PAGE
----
Here are the astronomical events occurring in the month of April: (All times are given in UTC format)
February 1: Venus passes 0.8 degrees of Neptune. This occurs at approximately 17:00.
February 5: Earth crosses Jupiter’s equatorial plane, which means we are in the second half of occulation and eclipse season of Jupiter’s Moons.
February 6: Earth reaches opposition with Jupiter at approximately 18:00.
February 6: The Moon reaches its apogee of 406,200 km at 18:25.
February 18: The Moon is new. This Moon is also a Black Moon, where this will be the third New Moon in a season where four New Moons are normal.
February 20: The Moon, Venus, and Mars are in conjunction with each other. This meeting occurs at Dusk.
February 21: Venus passes 0.4 degrees south of Mars at Dusk. Moon will have moved away by then.
February 24: Mercury reaches greatest morning elongation at 26.7 degrees west of the sun. This will take place at 19:00.
February 25: The Moon will occult Aldebaran at 23:26 in Northern Europe.
February 25: Neptune is at conjunction with the Sun. Will not be visible until it comes out from the other side.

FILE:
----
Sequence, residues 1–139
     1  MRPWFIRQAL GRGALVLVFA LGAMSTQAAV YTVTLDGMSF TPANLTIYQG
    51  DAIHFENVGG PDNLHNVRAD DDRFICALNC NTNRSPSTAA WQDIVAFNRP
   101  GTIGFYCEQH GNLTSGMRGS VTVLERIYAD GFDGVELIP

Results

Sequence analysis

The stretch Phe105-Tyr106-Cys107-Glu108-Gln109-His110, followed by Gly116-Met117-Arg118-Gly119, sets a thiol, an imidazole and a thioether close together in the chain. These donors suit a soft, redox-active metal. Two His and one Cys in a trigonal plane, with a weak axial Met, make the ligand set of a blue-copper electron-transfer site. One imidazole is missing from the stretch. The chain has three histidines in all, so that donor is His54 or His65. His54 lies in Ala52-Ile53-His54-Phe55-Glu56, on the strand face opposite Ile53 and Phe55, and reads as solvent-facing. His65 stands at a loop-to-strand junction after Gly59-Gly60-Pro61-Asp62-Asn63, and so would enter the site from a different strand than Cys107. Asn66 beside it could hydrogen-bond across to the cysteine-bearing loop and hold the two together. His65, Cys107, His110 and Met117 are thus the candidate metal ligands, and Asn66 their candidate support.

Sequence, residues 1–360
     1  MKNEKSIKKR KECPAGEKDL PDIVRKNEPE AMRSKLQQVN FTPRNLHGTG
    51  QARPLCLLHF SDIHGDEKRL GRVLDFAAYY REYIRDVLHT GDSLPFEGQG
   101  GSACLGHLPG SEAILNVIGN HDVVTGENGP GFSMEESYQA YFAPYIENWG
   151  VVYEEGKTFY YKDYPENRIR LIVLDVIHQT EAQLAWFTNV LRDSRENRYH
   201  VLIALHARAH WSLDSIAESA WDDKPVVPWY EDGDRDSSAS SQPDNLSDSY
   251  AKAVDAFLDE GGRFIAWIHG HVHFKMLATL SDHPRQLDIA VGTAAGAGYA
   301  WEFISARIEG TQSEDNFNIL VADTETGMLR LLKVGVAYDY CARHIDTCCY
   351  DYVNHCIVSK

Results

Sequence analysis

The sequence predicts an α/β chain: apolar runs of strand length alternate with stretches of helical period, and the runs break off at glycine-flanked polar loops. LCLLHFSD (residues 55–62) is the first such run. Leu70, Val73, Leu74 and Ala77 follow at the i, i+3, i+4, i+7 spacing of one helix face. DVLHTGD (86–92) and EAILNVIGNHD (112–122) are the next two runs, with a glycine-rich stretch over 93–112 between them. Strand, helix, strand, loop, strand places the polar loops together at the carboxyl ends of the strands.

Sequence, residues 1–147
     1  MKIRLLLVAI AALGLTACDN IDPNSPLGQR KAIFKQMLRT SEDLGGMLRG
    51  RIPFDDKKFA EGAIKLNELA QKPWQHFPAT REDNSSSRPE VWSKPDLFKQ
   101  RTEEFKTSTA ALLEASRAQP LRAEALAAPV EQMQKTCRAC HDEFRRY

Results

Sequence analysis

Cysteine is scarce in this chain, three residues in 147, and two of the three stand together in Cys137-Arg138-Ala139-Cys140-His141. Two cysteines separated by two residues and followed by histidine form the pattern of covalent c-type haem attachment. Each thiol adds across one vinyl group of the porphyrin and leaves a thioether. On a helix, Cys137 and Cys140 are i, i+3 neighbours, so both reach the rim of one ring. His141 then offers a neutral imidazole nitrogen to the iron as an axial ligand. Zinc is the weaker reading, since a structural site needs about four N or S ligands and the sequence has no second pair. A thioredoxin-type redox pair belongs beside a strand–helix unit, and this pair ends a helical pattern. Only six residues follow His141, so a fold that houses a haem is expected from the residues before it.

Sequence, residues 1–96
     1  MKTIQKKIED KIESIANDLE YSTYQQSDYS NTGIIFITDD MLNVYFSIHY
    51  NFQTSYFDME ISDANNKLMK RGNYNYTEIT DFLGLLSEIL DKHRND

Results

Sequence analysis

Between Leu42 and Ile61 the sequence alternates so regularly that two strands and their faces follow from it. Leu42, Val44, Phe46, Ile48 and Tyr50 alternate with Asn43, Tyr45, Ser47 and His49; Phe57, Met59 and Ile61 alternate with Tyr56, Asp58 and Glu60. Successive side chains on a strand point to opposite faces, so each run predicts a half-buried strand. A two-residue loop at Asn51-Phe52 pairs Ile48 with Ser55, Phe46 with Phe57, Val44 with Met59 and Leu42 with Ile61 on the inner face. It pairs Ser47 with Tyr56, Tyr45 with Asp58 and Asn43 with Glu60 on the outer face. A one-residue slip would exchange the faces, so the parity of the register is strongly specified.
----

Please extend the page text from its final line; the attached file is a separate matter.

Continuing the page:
Here is a look at Comet Lovejoy’s Path (Obtained from Bob Moler’s Ephemeris Blog)
Comet Lovejoy reached it Perihelion two days ago, and will now move away from the Sun, and the Earth. It will lose its tail, and start to dim. This image was obtained from Bob Moler’s Ephemeris Blog.
Announcement: On April 22, 2015, I will be delivering a presentation at the Royal Astronomical Society of Canada’s Recreational Meetup, talking about my journey as an amateur astrophotographer. I hope you can all come to this event.
January 3: The Quadrantid Meteor shower will peak at 2:00. Favours Northern Europe.
January 4: Earth reaches perihelion at approximately 8:00. The sun will look its biggest and be at its closest.
January 14: Mercury reaches 18.9 degrees East of the sun at approximately 16:00.
January 17: Moons of Io and Europa are expected to cast a double shadow eclipse on Jupiter from 3:53 – 4:58.
January 20: Mars passes 0.2 degrees from Neptune at approx 20:00.
January 23-24: A triple-transit event on Jupiter. This one is particularly unique because Callisto will Eclipse Io, which means two of the shadows will merge for a short period of time at 5:48 UTC. EST people will see it at 12:48 am. It won’t last long, so be ready for it.!
January 29: The Moon will occult Aldebaran at approximately 17:31 UTC for the Arctic. This will be the first occultation by the Moon in 2015.
Since this is the New Year, I was thinking we could go through the Top 10 events according to SkyNews:
March 24: The Moon will pass close to Aldebaran throughout 2015. However, this time, the Moon will pass close to the Hyades star cluster.
April 4: The tetrad of total lunar eclipses will continue again. This will take place before the dawn. This is best seen in Western Canada. In Toronto, the Moon will set during the initial partial phase. Totality will last five minutes only.
April 21: Mercury will appear its best, with Mars close by. Nearby will be Venus and a crescent Moon. Venus will reach its greatest angle from the Sun on June 6.